Objective: To examine the effects that a physician's knowledge of a patient's socioeconomic status or profession has on clinical decision making in an outpatient setting.
Methods: We mailed a survey to all 336 members of the Academy of Medicine of Cleveland who are general internists, family practitioners, or general practitioners. Physicians were randomized before the initial mailing to receive one of the two questionnaires. Physicians in group A were given two simulated clinical scenarios in which the socioeconomic status or profession of the patient was identified, followed by management options. Physicians in group B were given the same scenarios without any suggestion of the patient's profession or social standing. Outcomes that reflect decision making, intensiveness of evaluation, and treatment course were compared for the two groups. Data were analyzed using t tests and chi 2. After Bonferroni correction, a P < or = .01 was considered significant.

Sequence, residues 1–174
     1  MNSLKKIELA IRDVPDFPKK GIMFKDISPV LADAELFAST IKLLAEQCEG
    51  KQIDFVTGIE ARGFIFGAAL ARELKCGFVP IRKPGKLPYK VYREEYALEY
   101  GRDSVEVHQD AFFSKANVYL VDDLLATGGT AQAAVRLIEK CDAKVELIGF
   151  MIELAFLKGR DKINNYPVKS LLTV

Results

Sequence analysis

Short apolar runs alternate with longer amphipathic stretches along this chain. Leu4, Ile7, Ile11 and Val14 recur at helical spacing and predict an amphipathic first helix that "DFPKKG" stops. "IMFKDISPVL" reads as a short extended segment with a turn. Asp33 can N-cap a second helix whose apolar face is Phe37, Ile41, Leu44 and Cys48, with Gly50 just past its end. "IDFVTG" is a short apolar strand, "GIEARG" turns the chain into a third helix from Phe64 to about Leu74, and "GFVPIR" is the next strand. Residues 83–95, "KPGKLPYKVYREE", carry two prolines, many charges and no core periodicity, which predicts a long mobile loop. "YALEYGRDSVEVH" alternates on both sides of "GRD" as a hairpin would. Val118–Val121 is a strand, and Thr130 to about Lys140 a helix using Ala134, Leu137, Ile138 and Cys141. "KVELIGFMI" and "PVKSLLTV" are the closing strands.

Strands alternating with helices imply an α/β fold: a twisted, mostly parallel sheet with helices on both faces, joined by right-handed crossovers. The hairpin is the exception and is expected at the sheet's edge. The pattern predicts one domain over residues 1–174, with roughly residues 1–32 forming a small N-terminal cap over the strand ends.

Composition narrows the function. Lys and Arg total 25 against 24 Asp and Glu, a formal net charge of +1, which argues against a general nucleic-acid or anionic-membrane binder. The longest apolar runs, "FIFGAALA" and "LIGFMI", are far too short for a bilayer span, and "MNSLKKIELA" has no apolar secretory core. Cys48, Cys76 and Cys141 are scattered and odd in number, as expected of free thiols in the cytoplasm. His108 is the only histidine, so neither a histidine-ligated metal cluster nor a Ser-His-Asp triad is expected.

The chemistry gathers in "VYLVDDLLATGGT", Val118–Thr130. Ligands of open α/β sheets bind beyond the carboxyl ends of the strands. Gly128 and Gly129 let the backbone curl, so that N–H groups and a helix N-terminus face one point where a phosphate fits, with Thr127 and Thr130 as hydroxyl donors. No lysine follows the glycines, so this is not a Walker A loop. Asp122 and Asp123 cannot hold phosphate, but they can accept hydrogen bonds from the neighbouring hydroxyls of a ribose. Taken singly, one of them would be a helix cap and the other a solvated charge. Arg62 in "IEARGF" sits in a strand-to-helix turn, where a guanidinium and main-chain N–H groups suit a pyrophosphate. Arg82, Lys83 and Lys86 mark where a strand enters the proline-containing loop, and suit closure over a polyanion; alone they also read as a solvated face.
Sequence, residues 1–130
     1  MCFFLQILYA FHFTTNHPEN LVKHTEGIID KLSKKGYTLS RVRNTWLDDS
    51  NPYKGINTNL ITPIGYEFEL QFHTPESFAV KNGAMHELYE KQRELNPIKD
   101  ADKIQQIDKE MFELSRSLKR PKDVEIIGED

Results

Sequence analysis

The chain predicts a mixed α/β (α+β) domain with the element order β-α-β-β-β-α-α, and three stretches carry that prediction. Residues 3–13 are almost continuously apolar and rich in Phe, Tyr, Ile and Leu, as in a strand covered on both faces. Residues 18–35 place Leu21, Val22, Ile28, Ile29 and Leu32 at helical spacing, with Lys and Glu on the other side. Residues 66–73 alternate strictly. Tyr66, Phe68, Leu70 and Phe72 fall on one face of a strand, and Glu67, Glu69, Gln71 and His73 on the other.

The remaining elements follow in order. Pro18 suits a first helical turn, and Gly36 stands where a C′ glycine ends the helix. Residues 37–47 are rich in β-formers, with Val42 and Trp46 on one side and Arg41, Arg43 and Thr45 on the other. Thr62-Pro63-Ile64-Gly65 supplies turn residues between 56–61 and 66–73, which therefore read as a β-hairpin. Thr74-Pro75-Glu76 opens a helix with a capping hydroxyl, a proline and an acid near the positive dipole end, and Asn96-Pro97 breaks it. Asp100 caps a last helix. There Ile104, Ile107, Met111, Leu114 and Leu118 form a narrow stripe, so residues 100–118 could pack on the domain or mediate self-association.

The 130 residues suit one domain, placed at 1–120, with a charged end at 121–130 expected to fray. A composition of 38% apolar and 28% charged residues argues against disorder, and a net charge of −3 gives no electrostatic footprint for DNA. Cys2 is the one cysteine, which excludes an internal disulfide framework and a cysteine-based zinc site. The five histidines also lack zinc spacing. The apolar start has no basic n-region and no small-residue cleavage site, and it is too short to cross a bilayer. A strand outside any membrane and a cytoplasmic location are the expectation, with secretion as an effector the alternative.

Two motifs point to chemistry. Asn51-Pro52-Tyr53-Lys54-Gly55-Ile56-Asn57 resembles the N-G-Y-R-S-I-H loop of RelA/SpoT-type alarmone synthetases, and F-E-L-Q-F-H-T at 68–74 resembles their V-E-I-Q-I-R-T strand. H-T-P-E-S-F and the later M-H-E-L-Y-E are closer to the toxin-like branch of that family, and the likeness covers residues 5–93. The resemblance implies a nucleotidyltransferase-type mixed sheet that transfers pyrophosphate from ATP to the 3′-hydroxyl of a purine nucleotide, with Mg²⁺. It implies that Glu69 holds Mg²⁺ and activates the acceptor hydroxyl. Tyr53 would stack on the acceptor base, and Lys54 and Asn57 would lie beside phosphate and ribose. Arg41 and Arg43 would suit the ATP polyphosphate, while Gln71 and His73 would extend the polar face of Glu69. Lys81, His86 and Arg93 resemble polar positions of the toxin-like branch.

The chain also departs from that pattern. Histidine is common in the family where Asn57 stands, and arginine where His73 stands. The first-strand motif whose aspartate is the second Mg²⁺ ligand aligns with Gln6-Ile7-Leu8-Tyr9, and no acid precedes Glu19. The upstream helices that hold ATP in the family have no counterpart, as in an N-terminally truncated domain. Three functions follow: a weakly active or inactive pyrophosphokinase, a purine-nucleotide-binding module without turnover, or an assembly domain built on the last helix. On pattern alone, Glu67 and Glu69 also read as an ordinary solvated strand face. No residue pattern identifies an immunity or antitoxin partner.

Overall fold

Results: The response rate was 60%. For clinical scenario 1, no difference was noted in the number of tests ordered. However, physicians in group A responding to clinical scenario 2 ordered more total tests than did physicians in group B (P = .03), including complete blood cell counts (45% vs 29%, P = .01). In both scenarios, earlier follow-up visits were scheduled by physicians in group A compared with those in group B (P = .01).
Conclusion: Our results do not support findings by other investigators that more tests are ordered when physicians perceive their patients to be of higher socioeconomic status. Intensity of follow-up, however, was greater when physicians believed the patient was in a more prominent profession or was of higher socioeconomic status.